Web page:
Seven major European cities will continue to face high vacancy rates in office buildings over the next two years despite a more robust European market, a new study claims.
The study, compiled by German real estate fund provider Oppenheim Immobilien-KAG (OIK), said the high vacancy rates would persist in Frankfurt, Amsterdam, Milan, Stockholm, Warsaw, Luxembourg and Brussels.
However, the study stressed that the reasons varied according to the city. While vacancies in Frankfurt, Amsterdam and Milan would be driven by a weak local economy, as well as new buildings coming onstream, those in Warsaw, Luxembourg and Brussels would be solely a result of new building.
“Stockholm is a special case. A lot of new office buildings came on stream in 2000 and 2001, so the considerable vacancies persist,” said Stefan Wundrak, a researcher at OIK, adding that it had nothing to do with the Swedish economy, which was in relatively good shape.
Overall, the study found that the prospects for the European office space market were good as vacancy rates would fall between now and 2008.
It said the market would be further buoyed by strong demand for real estate among European and foreign investors, the latter including those from the US, the Middle East and Australia.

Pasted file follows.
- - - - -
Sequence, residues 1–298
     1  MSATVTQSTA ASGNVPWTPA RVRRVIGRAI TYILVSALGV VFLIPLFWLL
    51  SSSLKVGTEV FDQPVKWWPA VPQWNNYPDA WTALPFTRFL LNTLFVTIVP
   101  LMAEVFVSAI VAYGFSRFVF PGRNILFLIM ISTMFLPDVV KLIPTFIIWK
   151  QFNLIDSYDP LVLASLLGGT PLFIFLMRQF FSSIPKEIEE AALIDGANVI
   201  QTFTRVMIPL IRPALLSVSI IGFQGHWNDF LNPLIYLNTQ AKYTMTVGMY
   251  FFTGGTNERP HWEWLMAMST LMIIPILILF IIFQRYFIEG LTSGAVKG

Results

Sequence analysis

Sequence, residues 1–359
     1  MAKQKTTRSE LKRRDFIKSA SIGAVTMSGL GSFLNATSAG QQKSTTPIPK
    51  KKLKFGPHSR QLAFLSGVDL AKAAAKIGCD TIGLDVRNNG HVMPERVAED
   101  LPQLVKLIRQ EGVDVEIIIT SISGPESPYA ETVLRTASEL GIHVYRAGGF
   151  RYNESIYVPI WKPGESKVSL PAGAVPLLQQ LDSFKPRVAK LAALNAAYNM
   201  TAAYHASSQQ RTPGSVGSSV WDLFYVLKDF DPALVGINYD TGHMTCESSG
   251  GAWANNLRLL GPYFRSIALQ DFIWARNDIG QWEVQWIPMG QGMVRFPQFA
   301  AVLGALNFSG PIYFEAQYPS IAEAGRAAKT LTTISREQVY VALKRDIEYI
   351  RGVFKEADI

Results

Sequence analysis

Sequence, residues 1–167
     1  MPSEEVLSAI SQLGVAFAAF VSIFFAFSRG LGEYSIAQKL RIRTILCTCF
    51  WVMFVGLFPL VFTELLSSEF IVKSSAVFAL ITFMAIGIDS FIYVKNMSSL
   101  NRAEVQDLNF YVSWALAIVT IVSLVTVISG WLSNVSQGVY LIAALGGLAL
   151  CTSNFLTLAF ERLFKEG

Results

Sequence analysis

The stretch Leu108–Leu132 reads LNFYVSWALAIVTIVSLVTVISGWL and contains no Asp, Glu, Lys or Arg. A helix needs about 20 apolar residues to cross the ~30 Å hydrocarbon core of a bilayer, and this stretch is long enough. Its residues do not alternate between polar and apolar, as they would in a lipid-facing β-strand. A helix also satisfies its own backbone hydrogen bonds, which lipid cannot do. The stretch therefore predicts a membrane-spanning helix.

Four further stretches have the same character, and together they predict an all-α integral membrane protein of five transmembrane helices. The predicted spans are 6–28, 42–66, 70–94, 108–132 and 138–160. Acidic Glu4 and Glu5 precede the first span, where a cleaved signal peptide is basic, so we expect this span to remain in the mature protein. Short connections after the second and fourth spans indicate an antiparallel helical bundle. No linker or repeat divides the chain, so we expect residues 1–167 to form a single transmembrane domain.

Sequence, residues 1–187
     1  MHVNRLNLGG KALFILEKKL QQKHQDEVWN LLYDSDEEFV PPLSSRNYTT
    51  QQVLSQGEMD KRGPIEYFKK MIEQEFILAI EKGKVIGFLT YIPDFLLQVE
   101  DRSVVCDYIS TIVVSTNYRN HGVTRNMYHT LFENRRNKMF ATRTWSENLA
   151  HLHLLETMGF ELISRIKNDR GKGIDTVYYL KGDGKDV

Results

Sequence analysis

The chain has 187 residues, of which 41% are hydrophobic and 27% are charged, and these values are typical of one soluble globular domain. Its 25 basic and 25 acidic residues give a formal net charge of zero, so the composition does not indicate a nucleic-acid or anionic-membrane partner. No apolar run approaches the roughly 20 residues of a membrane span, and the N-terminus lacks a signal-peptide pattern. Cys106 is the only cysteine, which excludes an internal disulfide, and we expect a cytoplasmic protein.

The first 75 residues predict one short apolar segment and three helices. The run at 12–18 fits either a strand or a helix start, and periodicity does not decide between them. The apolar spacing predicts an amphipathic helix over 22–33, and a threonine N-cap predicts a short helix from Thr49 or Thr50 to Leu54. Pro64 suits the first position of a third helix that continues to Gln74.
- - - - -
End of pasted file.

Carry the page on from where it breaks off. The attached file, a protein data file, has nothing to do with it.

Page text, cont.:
“Amid scarce supply (of real estate) at home, European investors are increasingly looking at opportunities elsewhere on the continent,” commented Siegfried Cofalka, managing director of OIK.
Separately, Germany’s LB Immo Invest has launched a new core real estate fund targeted at institutional investors.
The provider, owned by three German Landesbanken (state banks), said the fund would invest primarily in German commercial property, adding that it aimed to take in a few hundred million euros in assets “in the long term.” The fund’s only current investor is a German Landesbank.
LB Immo Invest noted that the timing of the fund was opportune, as the German real estate market was on the verge of a recovery. “The prospects are good because many objects can be acquired at attractive prices and rents are on the way up,” it said.